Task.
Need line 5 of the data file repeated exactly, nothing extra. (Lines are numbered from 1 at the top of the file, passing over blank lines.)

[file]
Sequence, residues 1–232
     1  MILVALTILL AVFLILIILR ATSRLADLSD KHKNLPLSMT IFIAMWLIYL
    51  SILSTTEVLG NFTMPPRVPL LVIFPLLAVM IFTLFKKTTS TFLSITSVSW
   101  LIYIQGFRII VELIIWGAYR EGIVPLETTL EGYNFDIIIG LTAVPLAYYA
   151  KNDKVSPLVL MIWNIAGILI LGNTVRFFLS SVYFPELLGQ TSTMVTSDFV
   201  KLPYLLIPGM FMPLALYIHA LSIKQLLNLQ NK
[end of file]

   151  KNDKVSPLVL MIWNIAGILI LGNTVRFFLS SVYFPELLGQ TSTMVTSDFV